Microsoft has alerted attendees of its recent TechEd conference that the second beta of Visual Studio.Net, which was handed out at the show, contains a 30-day "time bomb" that will cause the product to expire on 31 July.
"To correct the issue, we are immediately sending out replacement CDs, which you should have well before the 31 July expiration," said Yuval Neeman, vice president of Microsoft's Developer Division, in a note to developers.
The beta glitch comes at the same time the Redmond, Washington software giant has faced a prolonged outage of its MSN Messenger service as well as a slew of problems with the preview version of its Windows XP operating system. Some customers were able to download the Windows XP preview for free as a result of a server problem, others have received incorrect passwords, while those who requested the CD aren't expected to receive it until later this month.
Neeman said the bug in the early builds of the Visual Studio.Net Beta 2 affected only the Visual Studio design time environment. "It will not affect any of the code that you have written or the applications that you have deployed with Visual Studio.Net Beta 2," he said.
VS.Net is the centrepiece tool set for building .Net applications. But the fix means the VS.Net program will have to be replaced, which "unfortunately means a reinstall of Visual Studio.Net will be required," Neeman said. "To ensure that your copy of Visual Studio.Net does not time out on 31 July, you will need to uninstall your existing version of Beta 2 and reinstall the new CDs when they arrive."
Neeman continued: "Because we know this is an added burden for you, we are upgrading your version of Visual Studio to the beta version of Visual Studio.Net Enterprise Architect, which is now available. This new version does not contain the bug and offers significantly more features than the version you previously received."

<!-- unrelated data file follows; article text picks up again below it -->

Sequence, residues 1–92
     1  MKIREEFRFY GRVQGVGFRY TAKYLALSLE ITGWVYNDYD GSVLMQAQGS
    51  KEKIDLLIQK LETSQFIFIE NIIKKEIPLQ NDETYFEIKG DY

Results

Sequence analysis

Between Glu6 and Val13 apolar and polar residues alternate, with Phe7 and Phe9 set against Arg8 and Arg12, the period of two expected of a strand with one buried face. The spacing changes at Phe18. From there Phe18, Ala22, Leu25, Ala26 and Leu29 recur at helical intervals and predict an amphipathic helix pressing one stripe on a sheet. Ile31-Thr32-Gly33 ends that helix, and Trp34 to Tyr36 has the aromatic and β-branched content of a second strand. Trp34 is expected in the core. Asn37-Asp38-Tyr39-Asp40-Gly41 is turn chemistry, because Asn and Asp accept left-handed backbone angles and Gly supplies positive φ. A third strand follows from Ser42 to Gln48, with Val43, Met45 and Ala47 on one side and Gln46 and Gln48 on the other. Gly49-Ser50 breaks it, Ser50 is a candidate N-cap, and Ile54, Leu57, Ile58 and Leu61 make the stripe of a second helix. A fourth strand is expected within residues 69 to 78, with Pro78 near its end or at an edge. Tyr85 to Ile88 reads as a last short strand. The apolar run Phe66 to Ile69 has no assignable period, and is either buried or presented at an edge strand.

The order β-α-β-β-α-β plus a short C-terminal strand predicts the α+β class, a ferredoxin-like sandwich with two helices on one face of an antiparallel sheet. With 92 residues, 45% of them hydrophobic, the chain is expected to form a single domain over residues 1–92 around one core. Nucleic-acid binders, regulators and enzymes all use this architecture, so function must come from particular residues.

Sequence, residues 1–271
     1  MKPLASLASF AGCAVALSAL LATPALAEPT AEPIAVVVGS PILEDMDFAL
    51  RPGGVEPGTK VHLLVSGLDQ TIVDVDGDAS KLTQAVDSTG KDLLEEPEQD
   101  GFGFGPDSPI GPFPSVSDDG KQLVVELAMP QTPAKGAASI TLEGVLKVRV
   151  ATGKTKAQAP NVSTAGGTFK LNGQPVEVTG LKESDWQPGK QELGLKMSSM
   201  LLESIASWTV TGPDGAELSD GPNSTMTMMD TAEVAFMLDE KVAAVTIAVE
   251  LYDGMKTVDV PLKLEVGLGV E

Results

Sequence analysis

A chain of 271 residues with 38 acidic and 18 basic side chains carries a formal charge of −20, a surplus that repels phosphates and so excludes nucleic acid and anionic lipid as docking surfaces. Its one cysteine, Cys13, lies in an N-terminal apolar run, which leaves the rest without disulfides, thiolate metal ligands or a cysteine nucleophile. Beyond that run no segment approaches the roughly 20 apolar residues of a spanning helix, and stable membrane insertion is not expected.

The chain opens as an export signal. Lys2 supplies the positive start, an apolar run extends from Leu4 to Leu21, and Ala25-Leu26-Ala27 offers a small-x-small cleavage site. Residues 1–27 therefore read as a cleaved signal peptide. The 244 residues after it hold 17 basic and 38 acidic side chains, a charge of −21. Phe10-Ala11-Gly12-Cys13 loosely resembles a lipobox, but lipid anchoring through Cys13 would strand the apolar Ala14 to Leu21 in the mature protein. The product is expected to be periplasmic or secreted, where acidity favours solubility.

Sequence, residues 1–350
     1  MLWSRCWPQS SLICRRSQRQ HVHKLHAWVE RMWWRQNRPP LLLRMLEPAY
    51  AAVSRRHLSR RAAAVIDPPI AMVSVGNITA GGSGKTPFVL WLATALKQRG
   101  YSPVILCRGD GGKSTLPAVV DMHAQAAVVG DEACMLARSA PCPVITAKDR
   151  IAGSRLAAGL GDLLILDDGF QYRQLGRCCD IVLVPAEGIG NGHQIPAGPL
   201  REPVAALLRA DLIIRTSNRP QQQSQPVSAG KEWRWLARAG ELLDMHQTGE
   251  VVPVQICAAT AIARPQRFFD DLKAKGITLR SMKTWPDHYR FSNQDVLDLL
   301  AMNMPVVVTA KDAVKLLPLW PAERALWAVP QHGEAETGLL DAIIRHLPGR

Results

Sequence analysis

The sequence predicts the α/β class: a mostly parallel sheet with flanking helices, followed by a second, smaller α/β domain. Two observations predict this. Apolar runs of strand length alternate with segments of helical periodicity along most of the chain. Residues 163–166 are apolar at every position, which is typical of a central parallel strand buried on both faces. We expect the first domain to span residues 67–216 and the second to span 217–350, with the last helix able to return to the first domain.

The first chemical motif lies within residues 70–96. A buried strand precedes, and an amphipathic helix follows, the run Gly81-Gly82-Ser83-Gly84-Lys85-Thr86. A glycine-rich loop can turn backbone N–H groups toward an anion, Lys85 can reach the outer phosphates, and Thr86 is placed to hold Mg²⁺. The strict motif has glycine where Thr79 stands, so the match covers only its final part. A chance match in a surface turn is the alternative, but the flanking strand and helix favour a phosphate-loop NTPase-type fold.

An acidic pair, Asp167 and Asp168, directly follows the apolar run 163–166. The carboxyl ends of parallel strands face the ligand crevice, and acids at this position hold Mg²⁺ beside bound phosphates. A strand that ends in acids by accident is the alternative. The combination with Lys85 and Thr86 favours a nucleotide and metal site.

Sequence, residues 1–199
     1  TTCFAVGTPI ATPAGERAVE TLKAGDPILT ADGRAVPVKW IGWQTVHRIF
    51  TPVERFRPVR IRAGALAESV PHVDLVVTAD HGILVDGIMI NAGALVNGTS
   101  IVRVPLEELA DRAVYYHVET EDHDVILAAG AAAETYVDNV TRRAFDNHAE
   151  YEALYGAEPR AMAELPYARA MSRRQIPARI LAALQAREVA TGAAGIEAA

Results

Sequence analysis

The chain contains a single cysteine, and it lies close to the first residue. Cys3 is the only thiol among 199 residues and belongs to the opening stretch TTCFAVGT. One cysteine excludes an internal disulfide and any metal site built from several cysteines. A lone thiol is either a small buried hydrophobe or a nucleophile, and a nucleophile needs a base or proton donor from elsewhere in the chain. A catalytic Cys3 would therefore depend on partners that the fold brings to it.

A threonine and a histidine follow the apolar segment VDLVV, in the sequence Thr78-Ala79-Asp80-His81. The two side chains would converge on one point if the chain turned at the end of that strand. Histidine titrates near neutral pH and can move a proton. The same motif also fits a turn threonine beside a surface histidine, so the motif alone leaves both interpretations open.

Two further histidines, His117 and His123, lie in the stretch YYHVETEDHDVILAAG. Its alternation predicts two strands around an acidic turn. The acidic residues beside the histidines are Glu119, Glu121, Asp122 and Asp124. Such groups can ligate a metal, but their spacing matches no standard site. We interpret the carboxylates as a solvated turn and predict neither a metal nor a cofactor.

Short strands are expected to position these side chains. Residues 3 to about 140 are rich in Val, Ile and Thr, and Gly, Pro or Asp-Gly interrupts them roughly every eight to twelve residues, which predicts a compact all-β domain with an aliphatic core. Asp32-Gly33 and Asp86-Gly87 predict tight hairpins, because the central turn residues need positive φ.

While admitting that the uninstall/reinstall process would take a few hours, Neeman remained upbeat about the product, saying Microsoft was "confident you will still have a great experience with Visual Studio.Net Beta 2, and we look forward to continuing our support for your development needs".
This isn't the first headache Microsoft has had with the second beta of VS.Net. As first reported late last month by ZDNet sister publication eWEEK, testers recently found a list of target operating systems to be supported in .Net in that beta. The list included Linux (kbLinux), Unix (kbUnix), Macintosh (kbMacintosh), Windows and Windows CE.
This led testers to speculate that Microsoft could well be preparing to allow a smaller version of its .Net common language runtime to ship on operating systems other than Windows, including Linux and Unix.
A Microsoft spokesman denied the speculation, saying "basically, we merged our documentation generators across MSDN and all our products earlier this year, and what you're seeing is that other Microsoft products can handle these other operating systems."
But the next day Microsoft announced it would work with Corel to build a shared source implementation of its C# programming language and the Common Language Infrastructure specifications on the Windows and FreeBSD platforms.
That implementation, however, will be non-commercial and developed only for academic, research, debugging and learning purposes. It would also be published as source code under Microsoft's Shared Source licensing framework, Tony Goodhew, Microsoft's product manager for shared source and CLI, told eWEEK at the time.
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